Thanks a lot again for you friendly answer.



Please share you picture … thanks Lorenzo

Yes, the RD200 houses a RD200M, and the doc’s on the web is the correct one. As you have seen, it is quite well documented and easy to get going. But if you measure the comm’s going on with the BT module still in place, you will see undocumented messages. FTLabs confirmed this.
If you want to keep the stand-alone functionality, you will most likely have to have your own board outside the RD200, since it is hard to fit anything in the unit.
Also, I think you should keep in mind, that the RD200 is probably sensitive to noise on the (12V) power line, and probably also emissions from close by electronics.

Here’s som pic’s on the RD200 split. Note the three screws one on top (the hard one!), and the two in the bottom. Once they are removed, you will need to pry it open, starting at one bottom side. The unit is very tight even without the screws, so you will need some screw driver or similar to break it open. Take care not to make too much marks. And take care not to push your tool too far in, in order to keep the chamber untouched.

Hi Micael,
Really great help, thank you very much.

I’ll take care during opening the housing as you mentioned.

You are right, I intend to use an external micro, but I think the serial connection allows
to separate the external HW quite well.
Regarding BT, If possible I plan just to power off the BT unit and by-pass power to the
sensor by a small switch. So I do not expect unknown commands or answers. But this
is a guess.

Thanks a lot again.



If you disable the BT, you will have no problem at all!
Best of luck! (And if you have any more questions, I’m ready! :wink: )

thanks for all information concerning dismounting.
Can you write a guide how to connect it to the ESP and later to OpenHab?
Some picture are also welcome

Sorry to bump a bit of an old thread but I signed up just to respond here after finding this thread on a google search.

You mention that if you were to probe the live serial bus between the included board and the sensor you will see undocumented messages, and that this is confirmed by FTLabs, and earlier you mentioned an averaging mode. Can you elaborate on any of this? I am also working on a project to integrate ESP8266 modules with my RD200 sensors and I found one pdf for the RD200M that is mostly understandable (although what exactly the “transfer period” is still eludes me, changing the value doesn’t seem to do what I expect, oh and why on earth would they choose to use mthread?..) but it really doesn’t list many commands. I feel like there’s a lot more out there. I tried contacting FTLabs without any response several times over the past 2 years.

The goal of my project was to make a replacement board that could operate in standalone mode or utilize my in-home environmental monitoring API (it’s an ugly mess right now so I don’t want to say too much about that side of it) to post data to it. Basically, I wanted sensors that I could use in my house, or lend to a neighbour for a few weeks for them to check out their radon levels if desired.

To show I’m serious and to also share some of my progress with you guys, here’s a comparison picture of the boards I came up with (sorry my hand soldering is pretty messy):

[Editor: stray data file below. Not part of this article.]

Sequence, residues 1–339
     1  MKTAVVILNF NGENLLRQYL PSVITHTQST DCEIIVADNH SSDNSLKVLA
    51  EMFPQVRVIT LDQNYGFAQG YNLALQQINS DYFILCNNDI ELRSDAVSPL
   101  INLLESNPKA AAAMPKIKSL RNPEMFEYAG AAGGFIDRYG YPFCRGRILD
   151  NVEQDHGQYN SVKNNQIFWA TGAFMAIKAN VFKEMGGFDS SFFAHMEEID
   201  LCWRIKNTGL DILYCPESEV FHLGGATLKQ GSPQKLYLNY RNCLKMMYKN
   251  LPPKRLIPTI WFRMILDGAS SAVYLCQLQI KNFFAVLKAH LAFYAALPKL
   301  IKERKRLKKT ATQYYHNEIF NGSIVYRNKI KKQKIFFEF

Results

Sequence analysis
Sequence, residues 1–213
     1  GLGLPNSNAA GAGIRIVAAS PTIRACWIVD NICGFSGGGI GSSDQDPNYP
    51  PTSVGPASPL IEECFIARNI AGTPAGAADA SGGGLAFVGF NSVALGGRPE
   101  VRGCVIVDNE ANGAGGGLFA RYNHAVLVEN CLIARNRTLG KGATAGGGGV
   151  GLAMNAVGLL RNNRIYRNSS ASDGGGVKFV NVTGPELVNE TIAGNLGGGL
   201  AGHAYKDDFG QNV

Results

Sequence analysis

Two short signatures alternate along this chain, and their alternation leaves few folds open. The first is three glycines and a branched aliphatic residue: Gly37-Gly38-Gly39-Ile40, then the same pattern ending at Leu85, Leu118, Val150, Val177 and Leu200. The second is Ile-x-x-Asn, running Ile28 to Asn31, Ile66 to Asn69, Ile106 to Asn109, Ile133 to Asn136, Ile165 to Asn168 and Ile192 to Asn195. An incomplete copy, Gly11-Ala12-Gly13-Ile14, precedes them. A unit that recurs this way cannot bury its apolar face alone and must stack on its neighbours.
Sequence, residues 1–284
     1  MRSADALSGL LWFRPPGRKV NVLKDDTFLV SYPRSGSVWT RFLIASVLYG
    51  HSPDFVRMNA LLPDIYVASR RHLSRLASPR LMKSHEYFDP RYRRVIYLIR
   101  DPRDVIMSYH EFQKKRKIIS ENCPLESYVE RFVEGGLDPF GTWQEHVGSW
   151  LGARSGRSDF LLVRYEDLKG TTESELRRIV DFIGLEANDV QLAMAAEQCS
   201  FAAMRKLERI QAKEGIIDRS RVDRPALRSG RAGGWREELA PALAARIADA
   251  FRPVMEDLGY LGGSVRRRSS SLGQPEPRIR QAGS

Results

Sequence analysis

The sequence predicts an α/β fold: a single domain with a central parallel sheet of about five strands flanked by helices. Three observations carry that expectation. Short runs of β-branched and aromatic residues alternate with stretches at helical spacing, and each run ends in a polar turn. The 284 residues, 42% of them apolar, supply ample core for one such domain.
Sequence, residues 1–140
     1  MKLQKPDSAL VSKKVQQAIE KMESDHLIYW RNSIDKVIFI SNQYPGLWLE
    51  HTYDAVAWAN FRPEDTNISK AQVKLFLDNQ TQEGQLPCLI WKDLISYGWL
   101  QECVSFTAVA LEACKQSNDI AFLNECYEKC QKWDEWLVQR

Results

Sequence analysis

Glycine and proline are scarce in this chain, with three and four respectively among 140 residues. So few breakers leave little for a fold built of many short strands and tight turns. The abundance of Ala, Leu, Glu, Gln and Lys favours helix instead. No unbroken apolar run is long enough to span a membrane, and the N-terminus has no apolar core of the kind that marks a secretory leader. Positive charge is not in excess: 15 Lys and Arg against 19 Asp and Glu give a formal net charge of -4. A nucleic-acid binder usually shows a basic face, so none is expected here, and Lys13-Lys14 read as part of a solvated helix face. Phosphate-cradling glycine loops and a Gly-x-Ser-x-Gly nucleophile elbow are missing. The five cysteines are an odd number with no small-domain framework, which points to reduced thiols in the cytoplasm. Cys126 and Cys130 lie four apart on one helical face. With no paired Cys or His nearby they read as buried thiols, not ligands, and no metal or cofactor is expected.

A quick list of hardware specs:
128x64 white 0.96" OLED display (ssd1306)
AT24C256 EEPROM (still not sure why I thought this was a good idea, but hey it’s on there now)
2x push buttons (I was planning to drill the partial existing holes on the top of the enclosure to expose the buttons)
I also sourced the correct Molex Picoblade connectors so that my boards would be plug-and-play.

The end-goal for my project is to open source everything (when it’s in a releasable state). At this point I have a proof-of-concept talking to the RD200M and logging the readings to my monitoring system, but due to me obsessing over ideals I am presently (and have been for a long time) working on a complete re-write of my code base to be more organized and support additional sensor types. My plan was to rework my platform to support temperature (DS18B20), pressure (MPXV7002DP plus external ADC for monitoring sub-slab suction levels), VOC, and PM2.5 sensors. Today I am working on the helper classes for the RD200M which is how I stumbled across this thread. Ideally I’d like to be able to have some kind of status or communication check command I could run against the sensor so that I could detect whether an RD200M is present allowing me to share a single code-base across multiple sensor types, and also it would be great to be able to get a serial number from the sensor itself to uniquely identify each one (as I have noticed a bit of reading variation between units).

Oh, also to help, if concerned about marking the case when opening it, I used a metal spudger to release the clips without any case damage. It’s super thin but when pressed in along the clip itself releases them just great. Unfortunately I totally screwed up all that careful work when peeling back the top sticker as part of it ripped and remained stuck to the housing :frowning:

Great job!!
Can you share the wiring diagram of the PCB and the code.
My target up to now it is just to understand how to connect the ESP to the sensor and how to read the radom value.
I don’t care about the display and the LED but I don’t know where to start and I am afraid to distroy the sensor which it is not cheap !:slight_smile: